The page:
Fossil Mammal Research Group
Reconstruction of a Pliocene swamp near Perpignan courtesy of Mauricio Anton.
(From Agusti & Anton (2002) Mammoths, Sabertooths, and Hominids. Columbia U.P.)
The Fossil Mammal Research Group is a subgroup of the Research Centre in Evolutionary Anthropology and Palaeoecology in the School of Biological & Earth Sciences, Liverpool John Moores University, UK. Our members consist of palaeontologists, archaeologists and palaeoenvironmental specialists. We are interested in the development of mammalian faunas over the last 30 million years and have expertise in a wide variety of mammal groups including hominins (P. Wheeler, J. Ohman), ungulates (L. Bishop) and carnivores (A. Turner, H. O'Regan). We are also engaged on studies of Plio-Pleistocene and Holocene climate change using a variety of approaches such as testate amoebae (also known as rhizopods), pollen, diatoms, foraminifera and archaeology (J. Kirby, S. Gonzalez, D. Wilkinson, T. Clare). Group members have been active in both the old and new world and are currently working on a series of projects, ranging from Quaternary mammoths and human arrival in Mexico (S. Gonzalez) to Cave Archaeology in northern England (H. O'Regan, D. Wilkinson, I. Smith).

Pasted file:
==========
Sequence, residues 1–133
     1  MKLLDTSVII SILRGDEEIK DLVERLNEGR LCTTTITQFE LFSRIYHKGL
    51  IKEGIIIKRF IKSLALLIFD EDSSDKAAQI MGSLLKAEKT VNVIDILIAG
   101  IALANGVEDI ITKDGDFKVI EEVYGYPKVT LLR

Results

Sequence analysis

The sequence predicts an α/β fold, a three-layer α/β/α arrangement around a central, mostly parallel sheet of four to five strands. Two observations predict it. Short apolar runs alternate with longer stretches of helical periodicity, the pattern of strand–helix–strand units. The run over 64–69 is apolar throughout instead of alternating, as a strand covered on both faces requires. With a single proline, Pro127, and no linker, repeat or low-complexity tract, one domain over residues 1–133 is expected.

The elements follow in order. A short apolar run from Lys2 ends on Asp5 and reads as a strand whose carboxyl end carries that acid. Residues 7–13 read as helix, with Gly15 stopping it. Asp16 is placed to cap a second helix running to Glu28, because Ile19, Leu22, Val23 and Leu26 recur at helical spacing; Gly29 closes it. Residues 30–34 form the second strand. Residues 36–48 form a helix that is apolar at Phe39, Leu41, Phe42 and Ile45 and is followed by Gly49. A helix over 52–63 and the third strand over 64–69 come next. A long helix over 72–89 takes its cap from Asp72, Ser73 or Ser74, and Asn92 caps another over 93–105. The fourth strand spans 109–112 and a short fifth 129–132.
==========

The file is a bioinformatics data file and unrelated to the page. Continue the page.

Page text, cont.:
We are interested in taxonomic, ecological and morphological studies of mammals from the Neogene onwards. Areas of particular strength include palaeoecological analyses (including the taxon-free approach), the evolution of large carnivores, (e.g. the genus Panthera, sabretoothed cats and hyaenids), biomechanical and morphological analyses of primates and Plio-Pleistocene biogeography (including hominin dispersal from Africa and the arrival of humans in the Americas).
In 2010, in addition to a number of book chapters, we published papers in a variety of journals including PNAS, Journal of Human Evolution, Journal of Anatomy, Quaternary International and Journal of Biogeography (see publications page for a full list).
Recent conferences organised by members of the group include the Quaternary Vertebrate Research Group (QUAVER) meeting in June 2011, Cave Archaeology: Past present and future held at Manchester Museum in June 2010, and the African Archaeology Research Day (AARD) co-organsied with Liverpool University in November 2009. Forthcoming meetings include the joint Quaternary Research Association and British Cave Research Association (QRA/BCRA) fieldmeeting to North West England in June 2012.
Several members of our group have been involved or consulted in the making of television programmes, including an entire episode of Channel 4's Extinct on mammoth extinction with Dr Silvia Gonzalez. Professor Alan Turner has been seen on the BBC's the making of Walking with Beasts and was a consultant for Walking with Beasts, Ape-man and Extinct.